For years the drive to force down crystal and oscillator prices has been all consuming. Factories in Asia have played their part driving down costs, often at the expense of profitability. As a small scale crystal and oscillator manufacturer, Euroquartz has long suspected this was unsustainable and eventually prices would rise to ensure manufacturers remained in business.
The Chinese business model has focussed almost exclusively on turnover and foreign exchange payments rather than profitability, creating almost total dependence of Western supply chains on the Chinese production base.
The current supply chain crisis is the culmination of a perfect storm combining the Covid pandemic, sudden upturn in 5G development in China and rapidly increased demand from recovering economies. The automotive sector, having virtually ground to a standstill during the pandemic, suddenly turned the supply taps on while 5G manufacturers were ramping production, completely outstripping production capacity.
With demand so high, now is the perfect time to rebalance pricing more in favour of manufacturers, so raw material suppliers have raised prices which are reflected in end customer pricing. Lead-times of >52-weeks are being seen, with some common oscillators going to 32-weeks, due mainly to ceramic package and semiconductor shortages.
To underpin their own manufacturing, customers are placing orders for 12 to 18-months in advance. However, the difficulty is knowing what the unit price will be at the time of shipment, presenting a headache for suppliers who have no indication of the final price.
Furthermore, duplicate orders are potentially tying up capacity unnecessarily as desperate manufacturers place orders on several sources to try and get product from the first available supplier. Panic ordering, as such.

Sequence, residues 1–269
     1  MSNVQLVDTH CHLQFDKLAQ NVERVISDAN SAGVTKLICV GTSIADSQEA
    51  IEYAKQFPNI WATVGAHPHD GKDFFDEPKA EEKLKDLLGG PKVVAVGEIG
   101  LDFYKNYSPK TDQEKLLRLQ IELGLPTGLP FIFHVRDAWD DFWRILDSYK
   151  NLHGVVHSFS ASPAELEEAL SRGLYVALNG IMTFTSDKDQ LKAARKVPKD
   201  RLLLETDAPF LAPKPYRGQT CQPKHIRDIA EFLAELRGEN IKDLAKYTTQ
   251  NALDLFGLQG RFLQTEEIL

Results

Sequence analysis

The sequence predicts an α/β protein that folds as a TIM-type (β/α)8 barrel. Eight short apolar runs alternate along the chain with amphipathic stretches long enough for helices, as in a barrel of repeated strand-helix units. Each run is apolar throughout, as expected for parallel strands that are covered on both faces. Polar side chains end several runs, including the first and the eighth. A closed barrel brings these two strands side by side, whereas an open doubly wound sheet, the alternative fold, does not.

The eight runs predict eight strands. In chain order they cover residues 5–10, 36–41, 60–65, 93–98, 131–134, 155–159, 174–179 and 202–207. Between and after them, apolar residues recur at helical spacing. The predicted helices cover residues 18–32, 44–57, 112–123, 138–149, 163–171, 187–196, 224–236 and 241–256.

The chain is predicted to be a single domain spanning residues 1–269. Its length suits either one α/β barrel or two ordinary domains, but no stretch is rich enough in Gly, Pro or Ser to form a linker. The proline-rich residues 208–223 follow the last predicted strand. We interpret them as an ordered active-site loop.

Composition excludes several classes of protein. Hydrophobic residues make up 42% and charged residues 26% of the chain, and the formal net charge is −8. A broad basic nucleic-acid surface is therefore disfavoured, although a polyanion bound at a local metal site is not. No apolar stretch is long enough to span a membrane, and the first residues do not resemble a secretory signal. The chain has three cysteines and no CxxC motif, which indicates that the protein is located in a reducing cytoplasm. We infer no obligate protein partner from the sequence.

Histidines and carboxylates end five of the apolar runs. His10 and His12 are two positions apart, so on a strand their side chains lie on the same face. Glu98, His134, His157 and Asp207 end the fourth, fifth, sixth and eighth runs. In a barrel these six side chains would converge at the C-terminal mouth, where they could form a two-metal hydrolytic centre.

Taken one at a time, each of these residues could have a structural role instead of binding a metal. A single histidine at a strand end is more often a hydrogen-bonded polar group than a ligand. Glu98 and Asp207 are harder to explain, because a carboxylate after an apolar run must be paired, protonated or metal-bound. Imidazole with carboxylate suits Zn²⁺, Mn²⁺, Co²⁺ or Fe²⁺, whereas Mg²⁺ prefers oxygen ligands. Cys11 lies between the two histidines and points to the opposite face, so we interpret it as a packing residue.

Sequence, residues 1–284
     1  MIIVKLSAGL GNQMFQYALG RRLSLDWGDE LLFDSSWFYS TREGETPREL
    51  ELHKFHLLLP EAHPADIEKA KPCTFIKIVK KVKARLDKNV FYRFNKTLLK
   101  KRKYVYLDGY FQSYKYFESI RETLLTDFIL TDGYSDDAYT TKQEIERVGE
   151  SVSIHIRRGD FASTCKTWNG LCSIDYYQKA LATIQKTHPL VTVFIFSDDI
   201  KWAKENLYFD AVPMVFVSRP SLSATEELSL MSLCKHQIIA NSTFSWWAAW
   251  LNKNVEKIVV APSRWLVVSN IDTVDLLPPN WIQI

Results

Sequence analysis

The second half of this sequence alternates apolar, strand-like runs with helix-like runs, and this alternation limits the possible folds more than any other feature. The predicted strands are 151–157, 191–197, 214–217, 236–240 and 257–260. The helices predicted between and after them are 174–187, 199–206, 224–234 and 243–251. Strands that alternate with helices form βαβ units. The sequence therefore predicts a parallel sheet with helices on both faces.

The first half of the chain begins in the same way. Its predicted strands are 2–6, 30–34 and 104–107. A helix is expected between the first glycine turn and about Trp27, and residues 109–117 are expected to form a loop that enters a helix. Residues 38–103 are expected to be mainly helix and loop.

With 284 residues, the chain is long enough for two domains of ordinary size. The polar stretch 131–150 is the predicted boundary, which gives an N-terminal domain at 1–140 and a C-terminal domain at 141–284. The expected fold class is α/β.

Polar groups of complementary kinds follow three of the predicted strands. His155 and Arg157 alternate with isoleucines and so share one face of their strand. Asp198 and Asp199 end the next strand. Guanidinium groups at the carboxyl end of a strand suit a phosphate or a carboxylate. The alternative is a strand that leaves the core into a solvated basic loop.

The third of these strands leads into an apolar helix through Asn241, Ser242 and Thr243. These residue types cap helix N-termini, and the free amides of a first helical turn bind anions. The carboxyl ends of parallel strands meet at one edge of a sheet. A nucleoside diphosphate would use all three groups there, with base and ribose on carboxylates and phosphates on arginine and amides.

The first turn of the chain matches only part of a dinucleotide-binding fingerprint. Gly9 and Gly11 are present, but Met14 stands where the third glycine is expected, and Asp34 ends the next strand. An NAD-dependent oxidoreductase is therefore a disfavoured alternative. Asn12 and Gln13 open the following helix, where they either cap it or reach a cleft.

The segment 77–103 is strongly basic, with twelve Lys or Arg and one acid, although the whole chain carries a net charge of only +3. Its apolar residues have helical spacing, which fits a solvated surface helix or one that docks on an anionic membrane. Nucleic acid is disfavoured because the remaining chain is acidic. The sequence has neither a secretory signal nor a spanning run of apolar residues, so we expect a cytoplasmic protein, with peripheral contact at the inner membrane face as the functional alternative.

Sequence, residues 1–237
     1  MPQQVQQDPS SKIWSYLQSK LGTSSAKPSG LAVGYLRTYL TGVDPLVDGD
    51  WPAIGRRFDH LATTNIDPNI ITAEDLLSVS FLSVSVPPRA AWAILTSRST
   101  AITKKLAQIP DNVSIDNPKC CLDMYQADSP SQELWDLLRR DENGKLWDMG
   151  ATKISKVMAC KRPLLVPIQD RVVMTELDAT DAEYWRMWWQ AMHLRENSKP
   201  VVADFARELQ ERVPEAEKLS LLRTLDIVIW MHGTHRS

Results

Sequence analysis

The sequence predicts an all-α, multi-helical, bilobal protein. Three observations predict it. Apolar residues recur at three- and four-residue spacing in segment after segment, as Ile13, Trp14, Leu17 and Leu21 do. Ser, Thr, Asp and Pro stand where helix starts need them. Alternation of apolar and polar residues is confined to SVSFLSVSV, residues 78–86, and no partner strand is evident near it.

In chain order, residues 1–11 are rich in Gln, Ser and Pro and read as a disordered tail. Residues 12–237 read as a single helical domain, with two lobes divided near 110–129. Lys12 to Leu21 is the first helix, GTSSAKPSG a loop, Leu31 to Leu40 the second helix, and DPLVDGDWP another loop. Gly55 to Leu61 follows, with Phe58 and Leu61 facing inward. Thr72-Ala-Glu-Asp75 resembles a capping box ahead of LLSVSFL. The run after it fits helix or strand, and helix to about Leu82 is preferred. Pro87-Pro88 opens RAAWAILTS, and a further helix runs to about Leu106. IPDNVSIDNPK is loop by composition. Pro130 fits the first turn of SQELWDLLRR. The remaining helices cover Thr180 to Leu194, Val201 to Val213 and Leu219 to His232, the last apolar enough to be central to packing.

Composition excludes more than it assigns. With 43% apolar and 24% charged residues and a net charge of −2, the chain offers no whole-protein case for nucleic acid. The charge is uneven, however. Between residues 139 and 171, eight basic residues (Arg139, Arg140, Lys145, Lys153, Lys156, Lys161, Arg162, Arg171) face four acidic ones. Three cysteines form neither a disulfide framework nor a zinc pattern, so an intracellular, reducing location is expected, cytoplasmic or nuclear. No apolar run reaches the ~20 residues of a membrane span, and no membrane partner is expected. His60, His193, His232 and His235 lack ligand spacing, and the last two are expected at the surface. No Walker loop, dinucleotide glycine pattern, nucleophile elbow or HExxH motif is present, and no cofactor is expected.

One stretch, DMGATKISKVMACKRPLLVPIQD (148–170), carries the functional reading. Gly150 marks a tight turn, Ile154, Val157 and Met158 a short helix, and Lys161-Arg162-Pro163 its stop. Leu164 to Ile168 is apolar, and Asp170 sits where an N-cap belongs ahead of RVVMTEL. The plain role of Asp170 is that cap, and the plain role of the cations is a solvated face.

Thus, many order books are looking healthy, although shipments are not likely for six to 12-months leaving potential cashflow issues. With duplication likely leading to future cancellations, a further layer of uncertainty is baked into the supply chain.
Raw material suppliers are taking orders and, at the time of shipment, advising 30 to 50 per cent increases, leaving manufacturers with a choice of taking or leaving it.
Fluctuating exchange rates are, perhaps surprisingly, the lesser problem compared with sudden increases in unit costs. With energy costs also spiking upwards, there is potential for further pricing pressure.
With semiconductor houses at full stretch due to silicon wafer shortages and such high demand, they have started rationalising their product ranges. Many less profitable products are being axed, with high drive clock oscillator chipsets offering a 50pF drive level being one prime example.
Another product suffering is the 7 by 5mm ceramic package which is seen as less profitable than the smaller sizes, with companies normally using 200,000 pieces per month only receiving 40,000pcs for instance.
Also, many products’ built-in obsolescence has led to a repeatedly high component demand which is reaching a very high peak in today’s market.